- Stoke, who lost 1-3 against Brentford in January in Nathan Jones’ first league match in charge, have never lost consecutive league matches against the Bees.
- Brentford have the second worst conversion rate in the Championship this season (5.3%), while Stoke have conceded the highest percentage of their shots faced (23.3%).
- Stoke are winless in their last 23 league matches in London (W0 D9 L14) since a 2-1 win at Spurs in November 2014.
- The two players with the most touches in the opposition box in the Championship this season without scoring a goal are Brentford’s Sergi Canos (35) and Henrik Dalsgaard (30).
- Stoke last failed to win any of their opening eight league matches of a season in the 1989-90 campaign, when they were relegated from the second tier.
Tottenham threw away a two-goal lead as they were forced to settle for a point in their Champions League Group B opener against Olympiakos in Greece.
Two goals in four first-half minutes put Spurs in control, with Harry Kane opening the scoring from the penalty spot before Lucas Moura’s scorching 20-yard finish.
Yet Mauricio Pochettino’s side conceded shortly before half-time through impressive Portuguese winger Daniel Podence’s quality finish.
That lifted the passionate home crowd and Olympiakos equalised from the game’s second penalty, former France forward Mathieu Valbuena beating Hugo Lloris, the current Les Bleus captain, from the spot.
Tottenham’s result means both of last season’s Champions League finalists have failed to win their opening group games, after holders Liverpool were beaten 2-0 by Napoli in Italy on Tuesday.
In Group B’s other game on Wednesday, Bayern Munich beat Red Star Belgrade 3-0 in Germany thanks to goals by Kingsley Coman, Robert Lewandowski and Thomas Muller.
Sloppy Spurs fail to hang on – again
Pochettino’s side showed Herculean spirit to go all the way to the final last season yet were far from their best as they made a shaky return to the competition in the port city of Piraeus.
Having allowed a 2-0 lead to slip against Arsenal in the Premier League on 1 September – again after conceding late at the end of the first half – this is the second time in three games they been left to reflect on what might have been.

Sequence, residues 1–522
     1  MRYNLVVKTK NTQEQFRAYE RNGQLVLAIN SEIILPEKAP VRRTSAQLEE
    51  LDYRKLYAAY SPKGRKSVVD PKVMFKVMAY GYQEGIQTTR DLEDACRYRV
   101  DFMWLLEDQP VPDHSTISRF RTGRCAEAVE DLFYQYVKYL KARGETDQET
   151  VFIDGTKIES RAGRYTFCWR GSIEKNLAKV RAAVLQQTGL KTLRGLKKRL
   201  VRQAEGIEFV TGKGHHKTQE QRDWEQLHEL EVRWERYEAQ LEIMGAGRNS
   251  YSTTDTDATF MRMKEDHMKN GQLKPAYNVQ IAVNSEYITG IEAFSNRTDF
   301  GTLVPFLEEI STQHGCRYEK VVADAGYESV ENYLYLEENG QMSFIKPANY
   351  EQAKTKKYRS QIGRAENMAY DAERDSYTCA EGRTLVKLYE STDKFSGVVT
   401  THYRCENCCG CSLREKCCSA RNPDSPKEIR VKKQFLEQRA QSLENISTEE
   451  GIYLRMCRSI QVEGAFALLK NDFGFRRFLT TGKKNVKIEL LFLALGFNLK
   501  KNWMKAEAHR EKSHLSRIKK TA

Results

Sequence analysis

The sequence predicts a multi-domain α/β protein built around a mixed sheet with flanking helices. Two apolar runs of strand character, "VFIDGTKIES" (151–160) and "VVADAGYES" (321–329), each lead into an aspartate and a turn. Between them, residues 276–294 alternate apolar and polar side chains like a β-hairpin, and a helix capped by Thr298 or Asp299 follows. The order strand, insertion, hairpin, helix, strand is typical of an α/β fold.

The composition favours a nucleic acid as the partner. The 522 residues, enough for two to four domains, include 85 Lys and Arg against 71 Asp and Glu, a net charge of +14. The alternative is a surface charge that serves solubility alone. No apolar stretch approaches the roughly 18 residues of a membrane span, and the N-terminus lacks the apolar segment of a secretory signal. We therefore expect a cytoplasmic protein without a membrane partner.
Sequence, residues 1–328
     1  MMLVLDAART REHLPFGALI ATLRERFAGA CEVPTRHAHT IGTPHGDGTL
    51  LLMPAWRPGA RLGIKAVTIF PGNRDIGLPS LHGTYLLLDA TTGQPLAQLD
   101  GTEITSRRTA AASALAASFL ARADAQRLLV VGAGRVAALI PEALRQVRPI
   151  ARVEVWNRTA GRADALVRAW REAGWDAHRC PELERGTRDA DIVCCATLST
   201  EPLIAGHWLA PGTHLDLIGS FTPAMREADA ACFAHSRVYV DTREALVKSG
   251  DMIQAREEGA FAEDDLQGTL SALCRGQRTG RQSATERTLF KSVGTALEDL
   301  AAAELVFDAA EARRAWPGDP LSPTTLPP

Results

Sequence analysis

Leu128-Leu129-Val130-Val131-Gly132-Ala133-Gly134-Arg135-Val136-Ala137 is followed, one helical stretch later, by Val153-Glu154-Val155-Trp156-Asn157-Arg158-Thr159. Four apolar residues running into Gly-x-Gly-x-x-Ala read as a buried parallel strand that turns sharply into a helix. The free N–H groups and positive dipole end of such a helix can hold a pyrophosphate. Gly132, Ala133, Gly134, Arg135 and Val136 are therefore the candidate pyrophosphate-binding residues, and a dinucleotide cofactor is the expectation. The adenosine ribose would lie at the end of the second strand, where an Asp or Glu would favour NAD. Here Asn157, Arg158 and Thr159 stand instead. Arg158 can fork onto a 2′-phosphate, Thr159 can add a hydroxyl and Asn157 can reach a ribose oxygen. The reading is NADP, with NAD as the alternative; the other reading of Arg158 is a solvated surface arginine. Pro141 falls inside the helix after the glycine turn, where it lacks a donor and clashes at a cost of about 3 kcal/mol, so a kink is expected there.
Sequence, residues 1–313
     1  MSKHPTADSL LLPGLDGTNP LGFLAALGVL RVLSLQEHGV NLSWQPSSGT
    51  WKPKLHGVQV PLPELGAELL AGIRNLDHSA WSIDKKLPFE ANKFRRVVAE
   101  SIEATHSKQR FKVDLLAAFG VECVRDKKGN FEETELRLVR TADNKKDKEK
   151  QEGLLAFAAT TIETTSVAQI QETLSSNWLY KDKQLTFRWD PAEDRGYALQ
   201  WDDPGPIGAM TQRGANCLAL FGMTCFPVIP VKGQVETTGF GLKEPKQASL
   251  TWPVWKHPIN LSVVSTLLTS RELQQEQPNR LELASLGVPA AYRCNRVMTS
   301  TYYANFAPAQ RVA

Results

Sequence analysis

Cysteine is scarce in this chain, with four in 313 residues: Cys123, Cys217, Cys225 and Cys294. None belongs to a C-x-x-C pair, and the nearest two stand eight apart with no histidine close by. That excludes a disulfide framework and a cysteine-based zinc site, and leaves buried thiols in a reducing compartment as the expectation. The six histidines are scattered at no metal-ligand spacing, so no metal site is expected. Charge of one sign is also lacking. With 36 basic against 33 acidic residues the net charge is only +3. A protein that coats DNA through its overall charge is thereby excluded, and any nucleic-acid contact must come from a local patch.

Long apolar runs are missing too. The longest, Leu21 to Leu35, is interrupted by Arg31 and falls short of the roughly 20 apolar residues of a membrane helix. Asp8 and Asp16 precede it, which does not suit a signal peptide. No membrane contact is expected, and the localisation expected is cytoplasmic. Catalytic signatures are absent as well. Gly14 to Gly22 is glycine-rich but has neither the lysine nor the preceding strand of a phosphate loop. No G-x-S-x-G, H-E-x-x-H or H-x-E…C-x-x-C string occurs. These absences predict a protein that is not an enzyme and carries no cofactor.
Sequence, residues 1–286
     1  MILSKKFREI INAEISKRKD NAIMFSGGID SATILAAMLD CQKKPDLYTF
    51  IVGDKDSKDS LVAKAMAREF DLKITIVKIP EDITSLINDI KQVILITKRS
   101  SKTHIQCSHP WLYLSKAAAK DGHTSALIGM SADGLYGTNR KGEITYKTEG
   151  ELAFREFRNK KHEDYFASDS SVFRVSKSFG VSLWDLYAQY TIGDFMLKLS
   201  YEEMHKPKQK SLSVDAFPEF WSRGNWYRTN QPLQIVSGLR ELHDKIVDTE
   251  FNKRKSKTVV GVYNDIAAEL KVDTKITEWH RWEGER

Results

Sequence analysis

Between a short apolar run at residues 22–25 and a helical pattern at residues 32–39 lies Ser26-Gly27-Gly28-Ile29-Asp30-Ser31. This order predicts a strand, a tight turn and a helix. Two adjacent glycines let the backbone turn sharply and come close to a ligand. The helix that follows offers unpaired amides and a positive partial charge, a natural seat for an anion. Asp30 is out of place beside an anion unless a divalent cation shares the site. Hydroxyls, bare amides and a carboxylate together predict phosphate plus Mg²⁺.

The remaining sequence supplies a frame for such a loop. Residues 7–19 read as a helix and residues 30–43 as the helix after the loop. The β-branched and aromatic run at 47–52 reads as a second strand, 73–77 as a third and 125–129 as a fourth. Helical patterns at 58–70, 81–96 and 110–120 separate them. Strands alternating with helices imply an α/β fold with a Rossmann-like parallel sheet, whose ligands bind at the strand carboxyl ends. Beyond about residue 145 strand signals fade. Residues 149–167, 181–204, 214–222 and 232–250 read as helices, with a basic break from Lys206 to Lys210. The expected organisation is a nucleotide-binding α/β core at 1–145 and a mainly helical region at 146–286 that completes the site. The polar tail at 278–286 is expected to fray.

With five-time winners Bayern and the unpredictable Red Star, who beat Liverpool last season, also in the group, Pochettino will hope this result does not come back to haunt his side.
Kane won the penalty which led to him breaking the deadlock, the Spurs striker clearly tripped by Tunisia defender Yassine Meriah. Then Moura produced an emphatic finish after Ben Davies marked his return by winning back possession and laying on the pass for the Brazil winger to score an outstanding goal.
On a night of missed opportunities, Kane could have had a hat-trick.
Yet, on two separate occasions, Dele Alli – making his first start of the season – and substitute Erik Lamela decided to go for glory instead of choosing the easier option of squaring to Kane to score.
Away day trouble for Spurs
Having failed to win any of their first three group games last season, Tottenham know a point in Greece could yet prove critical.
Yet they have won just five of their 17 away games in all competitions this calendar year, including an FA Cup tie at then-League Two club Tranmere Rovers.
Since winning 2-1 at Fulham in the league on 20 January, Spurs have managed just two victories on the road – both in Europe, against Borussia Dortmund and Ajax.
It is something of a worry for Pochettino, who heads straight back to England with his squad to prepare for a Saturday lunchtime game at Leicester City.
It could have been worse.
When the game was goalless and during a slow start by the visitors, Olympiakos hit the post through Miguel Angel Guerrero.
That prompted Pochettino to leap out of his seat and make it known from the sidelines that he was not happy by his side’s performance.
His actions had some impact as Spurs raced into a 2-0 lead before being pegged back on a deeply frustrating night.
Man of the match – Daniel Podence (Olympiakos)
Letting it slip – the stats
- This was the second time that Tottenham have failed to win a Champions League game having been two goals ahead – and the first since drawing 2-2 with Werder Bremen in September 2010.
- Since the start of last season, Spurs have conceded more goals than any other side in the Champions League (21).
- Olympiakos are without a win in nine Champions League matches, their longest winless run in the competition.
- Only Ruud van Nistelrooy (19) and Roberto Soldado (19) scored their first 15 Champions League goals in fewer games than Harry Kane (20).
- Lucas Moura scored just his second goal from outside the box for Tottenham in all competitions – and his first since August 2018 against Fulham.
Tottenham are back in Premier League action at 12:30 BST on Saturday when they are at Leicester City, while their next Champions League Group B game is at home to Bayern Munich on 1 October.
Aston Villa moved out of the relegation zone by drawing against a West Ham side who finished with 10 men after Arthur Masuaku’s red card.
Masuaku was dismissed with 23 minutes left after picking up two bookings.
Before that, the game’s major talking point saw Anwar El Ghazi clash heads with Villa team-mate Tyrone Mings, although no action was taken.
Villa’s John McGinn had plenty of the game’s better chances, forcing Lukasz Fabianski into two saves.
Both sides had frantic attacks late on, with penalty shouts at both ends, but neither could find the decisive touch.